Eight women and men took on the law so a businessman accused of sexually abusing them decades ago could be brought to book. He died before the law could be changed but that did not stop them. This week, the Johannesburg High Court ruled that Section 18 of the Criminal Procedure Act – which states survivors of sexual abuse crimes have to lay charges within 20 years – was unconstitutional. The Daily Vox unpacks what that means for sexual abuse survivors.
In 2013, a civil lawsuit was brought by eight people against Sidney Frankel, a Johannesburg billionaire who they accused of sexually abusing them as children. He died earlier this year, so the group challenged the constitutionality of the section that put a 20-year time limit on reporting sexual assault. On Monday, they won their battle.
In her judgment on Monday, acting judge Claire Hartford said, “to create a random cut off-time of 20 years for prescription of sexual offences when vast swathes of evidence demonstrate that they inflict deep continuous trauma on victims, many of whom suffer quietly … is entirely irrational and arbitrary.”
Sheena Swemmer from the Centre for Applied Legal Studies said this ruling means there will no longer be a prescription period for any sexual offences, in terms of either common law or the Sexual Offences Act.
“Any individual who was sexually violated more than 20 years ago can come forward now and report the case to the police. The prosecution now has the discretion to move forward with that case and prosecute,” she said. Previously, such cases involving non-penetrative rape could not be brought to court if they occurred more than 20 years ago.
Swemmer said one of the issues with cases where people have come forward after 20 years is the evidence needs to be strong, like any other sexual offence.
While, in principle, this mean that more people would be able to report sexual abuse, it does not necessarily mean that many more cases would now be reported. “You’re not going to have many people come forward because of the low conviction rate; sometimes victims feel it’s not worth coming forward because you relive these things and have it result in a acquittal,” she said.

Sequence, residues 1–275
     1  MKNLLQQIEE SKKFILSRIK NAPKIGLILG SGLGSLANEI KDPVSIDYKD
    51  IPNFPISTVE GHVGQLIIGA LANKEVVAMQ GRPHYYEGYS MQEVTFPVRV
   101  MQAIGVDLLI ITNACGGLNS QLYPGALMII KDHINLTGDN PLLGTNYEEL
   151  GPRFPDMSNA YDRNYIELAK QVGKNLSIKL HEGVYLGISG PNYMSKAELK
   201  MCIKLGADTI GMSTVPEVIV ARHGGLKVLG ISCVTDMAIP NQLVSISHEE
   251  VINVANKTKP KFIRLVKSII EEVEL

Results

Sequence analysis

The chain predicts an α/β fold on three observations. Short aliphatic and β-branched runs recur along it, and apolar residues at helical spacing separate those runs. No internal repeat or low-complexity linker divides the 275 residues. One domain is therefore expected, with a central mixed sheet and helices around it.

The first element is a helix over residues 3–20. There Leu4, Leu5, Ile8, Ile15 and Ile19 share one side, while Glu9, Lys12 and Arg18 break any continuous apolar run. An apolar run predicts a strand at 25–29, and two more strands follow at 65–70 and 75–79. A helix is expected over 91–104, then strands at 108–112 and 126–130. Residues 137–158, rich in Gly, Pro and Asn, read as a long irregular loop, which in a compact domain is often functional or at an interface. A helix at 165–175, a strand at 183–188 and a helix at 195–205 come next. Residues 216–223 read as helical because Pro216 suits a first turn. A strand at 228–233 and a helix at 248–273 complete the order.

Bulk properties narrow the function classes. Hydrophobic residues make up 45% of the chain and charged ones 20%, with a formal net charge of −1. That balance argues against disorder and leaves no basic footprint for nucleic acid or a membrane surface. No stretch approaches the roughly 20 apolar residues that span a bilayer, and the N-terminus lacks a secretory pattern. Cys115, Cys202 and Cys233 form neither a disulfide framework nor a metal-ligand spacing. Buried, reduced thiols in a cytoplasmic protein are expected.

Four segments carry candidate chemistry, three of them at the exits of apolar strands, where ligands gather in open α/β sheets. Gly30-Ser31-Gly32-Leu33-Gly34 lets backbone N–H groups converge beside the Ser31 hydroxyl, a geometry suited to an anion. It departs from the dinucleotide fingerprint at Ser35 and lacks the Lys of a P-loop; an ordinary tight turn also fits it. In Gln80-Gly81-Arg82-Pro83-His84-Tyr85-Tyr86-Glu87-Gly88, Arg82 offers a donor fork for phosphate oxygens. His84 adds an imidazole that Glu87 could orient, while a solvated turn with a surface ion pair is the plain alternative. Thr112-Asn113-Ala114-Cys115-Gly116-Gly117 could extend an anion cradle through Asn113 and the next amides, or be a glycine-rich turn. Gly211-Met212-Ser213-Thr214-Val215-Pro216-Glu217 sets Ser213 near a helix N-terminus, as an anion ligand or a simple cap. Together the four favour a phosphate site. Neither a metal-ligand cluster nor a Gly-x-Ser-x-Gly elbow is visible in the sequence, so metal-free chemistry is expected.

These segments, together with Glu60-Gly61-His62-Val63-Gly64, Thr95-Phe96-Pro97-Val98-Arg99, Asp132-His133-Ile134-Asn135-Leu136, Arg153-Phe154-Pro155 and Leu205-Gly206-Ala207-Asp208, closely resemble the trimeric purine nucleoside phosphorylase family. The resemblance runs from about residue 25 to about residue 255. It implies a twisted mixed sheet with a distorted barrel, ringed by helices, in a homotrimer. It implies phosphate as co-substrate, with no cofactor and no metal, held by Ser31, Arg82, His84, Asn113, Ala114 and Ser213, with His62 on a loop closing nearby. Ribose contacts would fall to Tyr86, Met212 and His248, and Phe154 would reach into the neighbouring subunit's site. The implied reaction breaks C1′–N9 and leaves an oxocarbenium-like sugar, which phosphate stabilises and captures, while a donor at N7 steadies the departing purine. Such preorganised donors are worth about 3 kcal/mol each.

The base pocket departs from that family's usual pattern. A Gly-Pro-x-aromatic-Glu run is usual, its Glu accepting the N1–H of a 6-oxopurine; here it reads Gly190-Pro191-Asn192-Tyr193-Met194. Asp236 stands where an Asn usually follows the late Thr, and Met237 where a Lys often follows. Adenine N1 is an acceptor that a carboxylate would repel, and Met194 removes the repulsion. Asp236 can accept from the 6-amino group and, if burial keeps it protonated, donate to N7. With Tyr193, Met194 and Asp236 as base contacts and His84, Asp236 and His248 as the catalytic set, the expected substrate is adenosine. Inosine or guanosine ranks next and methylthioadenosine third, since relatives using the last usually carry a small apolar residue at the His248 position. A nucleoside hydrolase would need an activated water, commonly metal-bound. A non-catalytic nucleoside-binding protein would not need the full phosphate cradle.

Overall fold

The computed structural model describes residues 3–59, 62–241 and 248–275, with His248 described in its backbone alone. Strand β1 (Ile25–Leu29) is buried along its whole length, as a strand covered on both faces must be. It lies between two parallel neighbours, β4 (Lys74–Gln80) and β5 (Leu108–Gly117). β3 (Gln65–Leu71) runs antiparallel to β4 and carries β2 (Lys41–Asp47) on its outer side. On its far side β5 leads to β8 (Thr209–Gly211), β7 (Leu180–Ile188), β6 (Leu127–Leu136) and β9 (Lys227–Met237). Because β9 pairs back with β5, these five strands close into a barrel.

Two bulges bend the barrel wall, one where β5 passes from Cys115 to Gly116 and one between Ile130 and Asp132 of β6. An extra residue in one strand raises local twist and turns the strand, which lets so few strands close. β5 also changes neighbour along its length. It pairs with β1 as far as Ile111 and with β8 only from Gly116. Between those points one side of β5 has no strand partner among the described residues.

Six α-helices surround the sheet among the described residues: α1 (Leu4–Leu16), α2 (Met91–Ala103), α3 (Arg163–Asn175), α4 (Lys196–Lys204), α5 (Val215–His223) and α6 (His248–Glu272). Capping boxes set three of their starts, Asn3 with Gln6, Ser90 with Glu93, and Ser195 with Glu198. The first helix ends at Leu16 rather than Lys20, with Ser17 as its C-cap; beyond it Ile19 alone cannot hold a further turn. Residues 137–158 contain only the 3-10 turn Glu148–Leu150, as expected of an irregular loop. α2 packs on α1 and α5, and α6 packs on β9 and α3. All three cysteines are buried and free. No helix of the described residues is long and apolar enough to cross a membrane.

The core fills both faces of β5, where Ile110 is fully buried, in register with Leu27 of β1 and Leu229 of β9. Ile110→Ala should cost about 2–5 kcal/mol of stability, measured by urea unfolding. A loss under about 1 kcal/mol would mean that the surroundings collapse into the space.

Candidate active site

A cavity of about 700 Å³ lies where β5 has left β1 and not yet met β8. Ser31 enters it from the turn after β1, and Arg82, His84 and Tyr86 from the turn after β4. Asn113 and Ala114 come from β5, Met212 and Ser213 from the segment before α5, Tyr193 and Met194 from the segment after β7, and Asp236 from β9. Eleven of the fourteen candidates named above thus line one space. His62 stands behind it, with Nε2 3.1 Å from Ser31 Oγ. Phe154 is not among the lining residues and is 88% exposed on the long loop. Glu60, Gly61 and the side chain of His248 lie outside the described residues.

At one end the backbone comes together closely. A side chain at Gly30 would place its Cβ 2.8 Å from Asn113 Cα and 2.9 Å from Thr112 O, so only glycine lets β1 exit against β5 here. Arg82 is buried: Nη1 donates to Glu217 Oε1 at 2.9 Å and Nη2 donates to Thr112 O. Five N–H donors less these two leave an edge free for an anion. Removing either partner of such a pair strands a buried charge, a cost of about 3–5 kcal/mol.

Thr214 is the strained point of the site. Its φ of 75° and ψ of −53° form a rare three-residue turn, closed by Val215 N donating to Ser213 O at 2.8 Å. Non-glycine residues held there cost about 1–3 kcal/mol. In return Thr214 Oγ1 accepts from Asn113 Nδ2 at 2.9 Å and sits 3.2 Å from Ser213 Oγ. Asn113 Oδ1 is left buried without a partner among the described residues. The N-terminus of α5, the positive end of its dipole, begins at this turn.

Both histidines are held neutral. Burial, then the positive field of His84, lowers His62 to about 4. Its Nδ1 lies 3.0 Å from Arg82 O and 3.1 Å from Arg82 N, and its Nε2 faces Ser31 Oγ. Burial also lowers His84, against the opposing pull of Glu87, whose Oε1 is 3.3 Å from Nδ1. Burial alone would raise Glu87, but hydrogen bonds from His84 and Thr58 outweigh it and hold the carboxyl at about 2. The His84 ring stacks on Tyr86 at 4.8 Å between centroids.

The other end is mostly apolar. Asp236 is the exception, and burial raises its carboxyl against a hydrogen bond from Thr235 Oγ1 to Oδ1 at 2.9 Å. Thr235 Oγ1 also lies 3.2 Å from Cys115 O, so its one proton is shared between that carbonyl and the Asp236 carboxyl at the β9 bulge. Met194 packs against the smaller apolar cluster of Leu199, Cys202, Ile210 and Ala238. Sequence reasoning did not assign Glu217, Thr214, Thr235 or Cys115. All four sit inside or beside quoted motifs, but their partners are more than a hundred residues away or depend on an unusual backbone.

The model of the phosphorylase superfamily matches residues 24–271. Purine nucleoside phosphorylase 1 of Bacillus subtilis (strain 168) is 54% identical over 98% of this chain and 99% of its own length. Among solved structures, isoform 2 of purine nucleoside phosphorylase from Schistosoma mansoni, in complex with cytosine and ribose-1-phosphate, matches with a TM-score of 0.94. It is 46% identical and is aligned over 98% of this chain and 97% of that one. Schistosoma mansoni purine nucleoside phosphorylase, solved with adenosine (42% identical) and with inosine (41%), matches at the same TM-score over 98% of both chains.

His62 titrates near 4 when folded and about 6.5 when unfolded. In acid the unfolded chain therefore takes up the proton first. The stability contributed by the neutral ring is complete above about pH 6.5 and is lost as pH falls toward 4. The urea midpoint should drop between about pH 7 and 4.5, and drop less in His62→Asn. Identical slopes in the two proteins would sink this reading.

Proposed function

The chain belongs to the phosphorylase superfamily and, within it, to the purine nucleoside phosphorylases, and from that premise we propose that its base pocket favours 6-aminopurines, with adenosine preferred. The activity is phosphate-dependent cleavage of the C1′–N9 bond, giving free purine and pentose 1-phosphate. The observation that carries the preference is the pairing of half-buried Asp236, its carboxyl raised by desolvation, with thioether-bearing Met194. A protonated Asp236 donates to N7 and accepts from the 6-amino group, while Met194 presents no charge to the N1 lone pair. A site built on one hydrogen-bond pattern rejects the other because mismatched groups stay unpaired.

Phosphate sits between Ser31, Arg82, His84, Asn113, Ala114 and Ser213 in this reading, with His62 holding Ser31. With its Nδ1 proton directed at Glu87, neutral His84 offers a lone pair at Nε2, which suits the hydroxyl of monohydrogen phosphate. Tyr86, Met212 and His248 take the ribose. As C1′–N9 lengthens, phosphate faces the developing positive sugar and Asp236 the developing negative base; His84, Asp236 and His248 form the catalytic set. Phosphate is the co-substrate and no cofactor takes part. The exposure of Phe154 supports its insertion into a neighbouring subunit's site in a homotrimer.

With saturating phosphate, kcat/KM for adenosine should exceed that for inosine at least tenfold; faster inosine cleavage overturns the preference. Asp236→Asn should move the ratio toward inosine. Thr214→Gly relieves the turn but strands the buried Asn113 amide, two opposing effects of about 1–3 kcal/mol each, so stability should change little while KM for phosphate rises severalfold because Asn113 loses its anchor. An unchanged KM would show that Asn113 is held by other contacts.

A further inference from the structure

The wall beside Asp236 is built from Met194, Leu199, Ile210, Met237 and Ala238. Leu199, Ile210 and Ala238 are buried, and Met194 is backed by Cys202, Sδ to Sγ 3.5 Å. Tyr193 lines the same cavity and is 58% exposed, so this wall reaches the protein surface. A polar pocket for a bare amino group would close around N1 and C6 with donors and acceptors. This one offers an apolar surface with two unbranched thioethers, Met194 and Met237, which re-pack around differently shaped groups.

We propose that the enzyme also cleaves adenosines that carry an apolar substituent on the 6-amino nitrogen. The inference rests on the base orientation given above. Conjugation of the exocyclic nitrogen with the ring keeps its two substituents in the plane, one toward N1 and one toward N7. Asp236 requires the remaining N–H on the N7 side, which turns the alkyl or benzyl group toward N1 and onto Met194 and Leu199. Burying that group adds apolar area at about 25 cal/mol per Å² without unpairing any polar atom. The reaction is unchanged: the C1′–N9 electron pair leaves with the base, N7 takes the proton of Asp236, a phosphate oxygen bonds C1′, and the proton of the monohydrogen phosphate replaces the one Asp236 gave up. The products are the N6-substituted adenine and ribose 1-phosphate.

Swemmer said that while the ruling showed goodwill from the state, there was a lack of resources and training to deal with such cases.
Shaheda Omar, director of child advocacy group the Teddy Bear Clinic, which was a friend of the court in the case, said current law was discriminatory and violated the survivor’s rights to human dignity.
She said the judgment this week acknowledged the suffering of survivors because some people do not report rape immediately. “Victims don’t always make an immediate or purposeful disclosure for many reasons,” she said.
Omar said the process of disclosure was painful and reopens wounds, which prevents survivors from speaking out. “Physical scars fade but the emotional scars are quite deep and linger on forever.”
However, she said the new ruling is inclusive, as people who dealt with trauma differently would now be given a platform, after 20 years. “It lifts weight off victims’ shoulders where it will encourage many victims to come forward and make a disclosure.”
Only one in four cases of rape is ever reported. Of these, just one in nine results in a prosecution, Omar says.
Acting judge Hartford also noted that, “the law must encourage the prosecution of these nefarious offences, which are a cancer in South African society, and must support victims in coming forward, no matter how late in the day.”
The high court ruling is pending confirmation by the Constitutional Court and the Act will then go to Parliament for redrafting within 18 months.